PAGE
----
The Biqasli performance started out as nothing more but an improvised dance, performed when different Tunnel communities came together. Most of these communities still led a nomadic life in the Tunnels, and some of them moved to the south just before the north was cut off from the rest of the world during the formation of Dreamfall. Early performances would take place in complete and utter darkness, and the dancers were completely naked, apart from wearing a filter mask since the Tunnel air wasn't always clean. Light crystals were strapped to the dancers' arms and legs to create a glowing silhouette in the dark.
Founding the first Settlements in the North (95 ATC - 200 ATC)
The dance itself varied from settlement to settlement, as previously improvised moves were turned into set choreographies. The costume still didn't have a set form yet. Resources were scarce and the first official versions of the costume were made of the same materials used to create armour and scavenger clothing - mostly leather, scales and exoskeleton parts. Although these materials allowed for smooth and fast movement for scouts, travellers and warriors, they were largely usuited for ceremonial dances, which obviously required an entirely different set of moves. The choreography was adapted to allow the use of these armour-like pieces without putting too much strain on the wearer. Early choreographies were slow and somewhat stiff and uneventful compared to the later ones.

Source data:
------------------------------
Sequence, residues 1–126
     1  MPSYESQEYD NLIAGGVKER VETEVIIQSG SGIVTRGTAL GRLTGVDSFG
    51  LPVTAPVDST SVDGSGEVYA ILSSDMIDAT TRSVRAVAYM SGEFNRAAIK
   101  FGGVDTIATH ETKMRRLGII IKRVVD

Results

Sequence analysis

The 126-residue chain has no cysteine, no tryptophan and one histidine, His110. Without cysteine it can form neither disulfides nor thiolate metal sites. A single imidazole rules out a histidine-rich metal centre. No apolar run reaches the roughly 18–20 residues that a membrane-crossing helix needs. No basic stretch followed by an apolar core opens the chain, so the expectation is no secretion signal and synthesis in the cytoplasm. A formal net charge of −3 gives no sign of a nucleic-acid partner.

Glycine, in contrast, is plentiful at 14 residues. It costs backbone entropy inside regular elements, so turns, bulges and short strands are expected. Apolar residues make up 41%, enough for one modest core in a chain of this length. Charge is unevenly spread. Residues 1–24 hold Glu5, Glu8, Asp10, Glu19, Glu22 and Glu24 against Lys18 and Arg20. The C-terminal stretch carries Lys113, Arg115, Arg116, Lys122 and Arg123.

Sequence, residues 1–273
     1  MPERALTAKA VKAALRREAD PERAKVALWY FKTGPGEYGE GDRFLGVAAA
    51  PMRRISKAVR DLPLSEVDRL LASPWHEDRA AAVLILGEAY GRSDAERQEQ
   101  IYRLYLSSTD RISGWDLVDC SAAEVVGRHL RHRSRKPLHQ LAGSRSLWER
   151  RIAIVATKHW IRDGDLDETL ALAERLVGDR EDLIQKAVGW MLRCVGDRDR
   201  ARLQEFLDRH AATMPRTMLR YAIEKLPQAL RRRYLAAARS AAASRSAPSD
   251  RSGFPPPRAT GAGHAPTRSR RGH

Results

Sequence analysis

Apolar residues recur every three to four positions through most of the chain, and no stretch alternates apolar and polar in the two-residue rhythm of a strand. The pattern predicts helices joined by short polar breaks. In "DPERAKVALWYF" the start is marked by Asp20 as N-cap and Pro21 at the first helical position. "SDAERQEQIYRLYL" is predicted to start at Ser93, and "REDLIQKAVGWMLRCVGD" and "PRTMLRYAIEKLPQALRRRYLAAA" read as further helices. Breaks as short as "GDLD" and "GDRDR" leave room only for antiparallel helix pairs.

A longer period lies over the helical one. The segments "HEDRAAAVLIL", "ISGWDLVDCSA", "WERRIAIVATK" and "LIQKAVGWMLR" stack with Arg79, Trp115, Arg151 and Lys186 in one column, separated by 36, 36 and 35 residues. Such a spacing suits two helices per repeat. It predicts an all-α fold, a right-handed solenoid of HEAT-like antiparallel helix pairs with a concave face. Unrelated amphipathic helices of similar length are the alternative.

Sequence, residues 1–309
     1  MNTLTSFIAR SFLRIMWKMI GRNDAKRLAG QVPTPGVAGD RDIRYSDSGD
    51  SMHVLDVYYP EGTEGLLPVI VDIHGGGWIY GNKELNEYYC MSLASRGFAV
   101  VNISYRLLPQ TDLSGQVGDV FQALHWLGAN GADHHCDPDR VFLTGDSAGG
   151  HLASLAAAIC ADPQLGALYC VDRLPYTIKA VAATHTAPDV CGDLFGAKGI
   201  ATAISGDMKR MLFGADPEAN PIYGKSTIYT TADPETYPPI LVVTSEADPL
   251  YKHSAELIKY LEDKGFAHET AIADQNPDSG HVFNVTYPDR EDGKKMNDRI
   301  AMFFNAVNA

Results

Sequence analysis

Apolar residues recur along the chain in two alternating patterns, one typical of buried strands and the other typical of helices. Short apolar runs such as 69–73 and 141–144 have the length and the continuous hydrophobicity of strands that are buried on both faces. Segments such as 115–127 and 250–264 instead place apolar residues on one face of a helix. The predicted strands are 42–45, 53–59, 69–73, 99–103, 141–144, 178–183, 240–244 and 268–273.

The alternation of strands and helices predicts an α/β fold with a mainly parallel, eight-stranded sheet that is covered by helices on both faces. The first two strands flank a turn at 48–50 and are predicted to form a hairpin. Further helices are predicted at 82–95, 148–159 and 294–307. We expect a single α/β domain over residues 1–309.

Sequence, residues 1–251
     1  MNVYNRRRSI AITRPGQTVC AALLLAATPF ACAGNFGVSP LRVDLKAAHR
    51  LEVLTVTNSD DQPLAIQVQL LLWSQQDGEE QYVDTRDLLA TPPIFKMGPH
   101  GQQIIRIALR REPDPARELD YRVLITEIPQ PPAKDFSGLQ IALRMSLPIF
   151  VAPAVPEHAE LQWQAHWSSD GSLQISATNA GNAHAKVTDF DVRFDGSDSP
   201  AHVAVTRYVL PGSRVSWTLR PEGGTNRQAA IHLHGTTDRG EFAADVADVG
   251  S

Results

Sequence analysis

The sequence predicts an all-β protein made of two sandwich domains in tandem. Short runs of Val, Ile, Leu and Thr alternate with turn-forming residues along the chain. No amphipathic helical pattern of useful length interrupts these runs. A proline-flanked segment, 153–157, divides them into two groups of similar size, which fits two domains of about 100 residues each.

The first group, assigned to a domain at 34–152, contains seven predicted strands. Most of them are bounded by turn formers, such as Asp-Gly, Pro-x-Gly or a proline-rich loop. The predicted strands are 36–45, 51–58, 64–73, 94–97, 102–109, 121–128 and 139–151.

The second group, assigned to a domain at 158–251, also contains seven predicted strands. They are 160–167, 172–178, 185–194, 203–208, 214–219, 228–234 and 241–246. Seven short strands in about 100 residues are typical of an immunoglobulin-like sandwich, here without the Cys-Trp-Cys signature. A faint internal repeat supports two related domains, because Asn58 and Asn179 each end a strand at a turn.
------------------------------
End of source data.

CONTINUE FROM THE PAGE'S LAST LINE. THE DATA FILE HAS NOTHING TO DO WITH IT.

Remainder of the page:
The Shkttt and the Early Days of Lahhei (200 ATC - 310 ATC)